Wear clothes you don't mind getting messed up, although they may not. It's good to have that already available to you just in case something does happen. Also, it helps to be comfortable for a dye job of this capacity because who knows how long you'll be at it. 

 

THE WORKSPACE

 Once I started, I realized I would need reinforcements (A.K.A. more towels and foil) to protect the kitchen from stray dye splatter. Better be safe than annoyed at that one spot you can't clean up!

Once I started, I realized I would need reinforcements (A.K.A. more towels and foil) to protect the kitchen from stray dye splatter. Better be safe than annoyed at that one spot you can't clean up!

 

9. Protect Your Workspace
Used more protection for the area I was working in to prevent any stray permanent synthetic dye from messing up the hardware. Although I didn't have any issues with this, it's a bit sidetracking for you to be worried about your workspace. You wan't to be focused more on the task at hand. If you can, find a workspace that you aren't as heavily invested in or don't have to worry so much about collateral damage.

 

10. Ventilation. Ventilation. Ventilation.
A WELL VENTILATED AREA. Or major fan blowing and circulation going on. The dye isn't the most pleasant smell, it lingered for a few hours after I finished. I will say I first notice the smell when I used the iDye Poly, I don't recall a strong smell coming from the Rit DyeMore. It's possible the Color Intensifier packet that iDye Poly comes with is the culprit of the stench, read more up on dye carrier chemicals here.
 

 

THE DYEING PROCESS

dying clothes black

11. Take Your Time
Slow down, Speedy Gonzalez. A rush job will show with a synthetic dye project, you want to make sure the dye settles in nice and evenly. Don't get too excited with the stirring, you want to reduce the amount of random dye splatter from the pot. And don't get too lazy from standing up 50 minutes to keep an eye on your dark and evil concoction. Expect to stand up over a hot pot longer if you're doing multiple pieces.
  
12. Rinse. Rinse. Rinse. 
Rinse some more. Rinse again just for safe measures. And then, once the water is running clear, free of any dye color bleeding from your garment giving you the sign that you're finally done with rinsing...............rinse again. It's not pleasant to have dye still bleeding on your fingers and your clothes after completed the dye project and get to the point where you're trying it on for an outfit.

13. Have a System in Place
Is your sink next to the stove? What is your next step? What is your flow? It would help to have a tray set up so it's easy transfer from one phase to the next. Makes it easier to keep things moving when you're dying multiple items. It may not be that serious if you're dying one item or working in an area where you can make mistakes, but it helps if you are in such a space.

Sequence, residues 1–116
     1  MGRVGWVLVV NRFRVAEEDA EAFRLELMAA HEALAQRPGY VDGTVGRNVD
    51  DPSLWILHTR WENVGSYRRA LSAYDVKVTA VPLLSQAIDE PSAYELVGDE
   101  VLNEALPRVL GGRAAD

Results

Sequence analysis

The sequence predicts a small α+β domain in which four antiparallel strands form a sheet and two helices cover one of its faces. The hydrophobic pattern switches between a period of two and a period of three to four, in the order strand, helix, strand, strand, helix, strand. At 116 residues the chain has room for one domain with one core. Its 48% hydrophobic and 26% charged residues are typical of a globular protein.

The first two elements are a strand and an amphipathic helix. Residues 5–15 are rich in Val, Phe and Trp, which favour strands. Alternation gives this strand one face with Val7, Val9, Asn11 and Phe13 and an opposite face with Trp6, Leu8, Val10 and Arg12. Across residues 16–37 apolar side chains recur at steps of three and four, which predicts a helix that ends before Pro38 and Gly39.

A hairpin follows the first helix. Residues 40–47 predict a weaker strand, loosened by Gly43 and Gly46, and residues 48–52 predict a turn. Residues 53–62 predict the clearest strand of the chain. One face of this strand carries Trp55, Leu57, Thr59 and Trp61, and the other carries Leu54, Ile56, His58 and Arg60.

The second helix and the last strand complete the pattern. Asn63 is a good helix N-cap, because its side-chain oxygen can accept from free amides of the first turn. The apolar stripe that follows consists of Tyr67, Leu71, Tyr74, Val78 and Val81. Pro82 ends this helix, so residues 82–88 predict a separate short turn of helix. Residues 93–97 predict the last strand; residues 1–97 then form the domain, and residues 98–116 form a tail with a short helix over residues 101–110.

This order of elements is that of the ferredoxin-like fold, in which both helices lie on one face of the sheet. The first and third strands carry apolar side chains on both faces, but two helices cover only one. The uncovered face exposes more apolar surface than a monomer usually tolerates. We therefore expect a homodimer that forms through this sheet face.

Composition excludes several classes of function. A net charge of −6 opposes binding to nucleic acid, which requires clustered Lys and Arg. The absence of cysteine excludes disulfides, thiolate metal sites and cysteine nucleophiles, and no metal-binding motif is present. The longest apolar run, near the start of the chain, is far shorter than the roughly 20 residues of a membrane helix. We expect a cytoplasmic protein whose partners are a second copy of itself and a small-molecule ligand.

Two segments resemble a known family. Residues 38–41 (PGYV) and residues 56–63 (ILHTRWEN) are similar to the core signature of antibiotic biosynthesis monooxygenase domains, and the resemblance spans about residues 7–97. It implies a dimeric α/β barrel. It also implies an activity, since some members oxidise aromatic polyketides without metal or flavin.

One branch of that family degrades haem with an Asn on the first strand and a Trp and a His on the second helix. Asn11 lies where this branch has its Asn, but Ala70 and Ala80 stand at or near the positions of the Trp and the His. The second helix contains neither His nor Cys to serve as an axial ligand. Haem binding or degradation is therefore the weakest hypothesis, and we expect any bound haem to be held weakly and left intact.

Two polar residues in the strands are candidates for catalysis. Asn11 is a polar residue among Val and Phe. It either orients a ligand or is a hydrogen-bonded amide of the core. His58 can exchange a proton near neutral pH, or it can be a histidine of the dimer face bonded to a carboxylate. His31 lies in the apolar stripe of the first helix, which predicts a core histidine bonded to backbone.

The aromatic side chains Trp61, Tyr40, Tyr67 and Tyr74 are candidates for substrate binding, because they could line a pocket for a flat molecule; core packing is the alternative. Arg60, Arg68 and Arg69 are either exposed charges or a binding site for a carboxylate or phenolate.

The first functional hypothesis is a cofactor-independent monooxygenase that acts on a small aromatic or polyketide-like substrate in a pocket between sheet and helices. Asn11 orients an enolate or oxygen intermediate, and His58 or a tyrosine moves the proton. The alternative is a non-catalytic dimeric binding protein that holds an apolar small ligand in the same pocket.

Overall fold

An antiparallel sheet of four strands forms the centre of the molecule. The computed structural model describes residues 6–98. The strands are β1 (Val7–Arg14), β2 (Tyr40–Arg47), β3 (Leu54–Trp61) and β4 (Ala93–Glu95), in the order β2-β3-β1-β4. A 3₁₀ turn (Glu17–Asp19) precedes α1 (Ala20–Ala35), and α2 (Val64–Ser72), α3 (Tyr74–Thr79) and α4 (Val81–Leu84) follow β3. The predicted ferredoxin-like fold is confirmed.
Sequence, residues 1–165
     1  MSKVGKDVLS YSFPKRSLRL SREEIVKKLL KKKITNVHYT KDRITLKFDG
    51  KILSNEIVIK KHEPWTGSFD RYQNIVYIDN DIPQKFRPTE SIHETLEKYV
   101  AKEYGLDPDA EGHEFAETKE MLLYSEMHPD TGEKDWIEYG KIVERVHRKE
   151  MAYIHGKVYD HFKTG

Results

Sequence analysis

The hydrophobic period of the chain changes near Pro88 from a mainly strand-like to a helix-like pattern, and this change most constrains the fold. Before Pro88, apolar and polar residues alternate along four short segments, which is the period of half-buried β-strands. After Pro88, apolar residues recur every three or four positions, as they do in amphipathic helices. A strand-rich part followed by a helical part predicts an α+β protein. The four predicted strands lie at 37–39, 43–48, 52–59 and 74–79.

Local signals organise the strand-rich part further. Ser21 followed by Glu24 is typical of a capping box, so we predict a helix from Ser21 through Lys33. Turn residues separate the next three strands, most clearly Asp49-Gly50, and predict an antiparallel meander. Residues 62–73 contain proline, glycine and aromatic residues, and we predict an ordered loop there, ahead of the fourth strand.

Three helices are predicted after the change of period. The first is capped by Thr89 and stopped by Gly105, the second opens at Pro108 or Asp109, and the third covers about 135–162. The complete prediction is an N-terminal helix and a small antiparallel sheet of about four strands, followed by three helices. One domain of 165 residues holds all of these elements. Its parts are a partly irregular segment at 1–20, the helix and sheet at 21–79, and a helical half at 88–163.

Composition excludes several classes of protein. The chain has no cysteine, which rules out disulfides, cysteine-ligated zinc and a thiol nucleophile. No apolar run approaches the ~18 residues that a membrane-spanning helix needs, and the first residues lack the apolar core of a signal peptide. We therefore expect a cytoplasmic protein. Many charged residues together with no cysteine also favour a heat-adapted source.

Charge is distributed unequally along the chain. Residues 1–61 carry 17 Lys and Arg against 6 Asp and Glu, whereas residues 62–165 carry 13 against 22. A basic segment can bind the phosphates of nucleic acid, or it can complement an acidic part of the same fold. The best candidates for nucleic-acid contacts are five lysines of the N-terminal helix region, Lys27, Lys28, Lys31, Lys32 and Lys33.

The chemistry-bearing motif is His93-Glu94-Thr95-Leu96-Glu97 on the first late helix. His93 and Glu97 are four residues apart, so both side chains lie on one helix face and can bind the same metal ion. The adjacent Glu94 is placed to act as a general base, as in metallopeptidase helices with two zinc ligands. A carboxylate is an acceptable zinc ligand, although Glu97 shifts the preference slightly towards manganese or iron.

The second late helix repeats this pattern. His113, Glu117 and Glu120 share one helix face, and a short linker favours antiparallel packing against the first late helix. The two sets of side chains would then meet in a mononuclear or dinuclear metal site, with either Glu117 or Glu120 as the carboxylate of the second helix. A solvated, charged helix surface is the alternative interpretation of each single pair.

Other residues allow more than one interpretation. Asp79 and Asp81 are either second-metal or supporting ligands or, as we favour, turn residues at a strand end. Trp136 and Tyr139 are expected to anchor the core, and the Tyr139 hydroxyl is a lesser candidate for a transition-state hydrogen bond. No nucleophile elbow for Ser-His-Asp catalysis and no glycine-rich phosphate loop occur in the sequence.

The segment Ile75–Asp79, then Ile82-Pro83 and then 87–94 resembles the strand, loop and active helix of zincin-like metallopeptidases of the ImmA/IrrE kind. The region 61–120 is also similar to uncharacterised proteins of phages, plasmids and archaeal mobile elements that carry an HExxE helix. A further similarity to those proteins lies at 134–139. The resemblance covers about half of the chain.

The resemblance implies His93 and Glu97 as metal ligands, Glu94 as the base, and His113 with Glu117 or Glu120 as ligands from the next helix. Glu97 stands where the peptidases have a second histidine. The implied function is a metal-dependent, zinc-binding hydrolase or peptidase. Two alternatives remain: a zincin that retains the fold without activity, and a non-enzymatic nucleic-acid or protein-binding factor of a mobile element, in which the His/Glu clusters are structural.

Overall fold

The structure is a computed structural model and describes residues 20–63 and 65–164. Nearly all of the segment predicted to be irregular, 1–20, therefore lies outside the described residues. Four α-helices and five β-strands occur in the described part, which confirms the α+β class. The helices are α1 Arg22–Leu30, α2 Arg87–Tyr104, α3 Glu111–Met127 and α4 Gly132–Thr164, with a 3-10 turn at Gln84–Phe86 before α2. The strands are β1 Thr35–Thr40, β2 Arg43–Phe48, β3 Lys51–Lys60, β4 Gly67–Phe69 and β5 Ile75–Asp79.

THE RESULTS

 If you look closely, you can see that the dye came out a tad bit uneven. You have to look hard enough! One part of the sweater (the polyester) took really well to the dye, but body (the acrylic) looks more gray than anything. Supposedly, acid dyes work better on acrylic materials.

If you look closely, you can see that the dye came out a tad bit uneven. You have to look hard enough! One part of the sweater (the polyester) took really well to the dye, but body (the acrylic) looks more gray than anything. Supposedly, acid dyes work better on acrylic materials.

Would I do it again? Yes, but not anytime soon. It was exhausting and didn't yield enough wearable goods from this dye session to get excited about doing it again immediately. I dyed 4 pieces all black, things I didn't mind taking a chance on losing if the project went south. And I wouldn't say it was a total bust! If I do a dye project again, it most likely will be dealing with a less labor intensive method. Even though my all black outfit didn't come to life like Frankenstein's creation, I'm okay with how this experiment went since it was such a learning experience.

Would I recommend doing it? Sort of. It depends on how much time you have, what you're dying, and the return. What I mean by 'return' is that sometimes you're better off just purchasing an all black outfit as opposed to dying your own. Yet, having an all black outfit selection was not my intent, it was to revamp my sweater that was losing interest in. A rekindling of the flame. 

If you end up doing a dye project, tell me about it in the comments. What do you wish you knew? What worked? What didn't? Did you find my tips helpful to your experience? Let me know!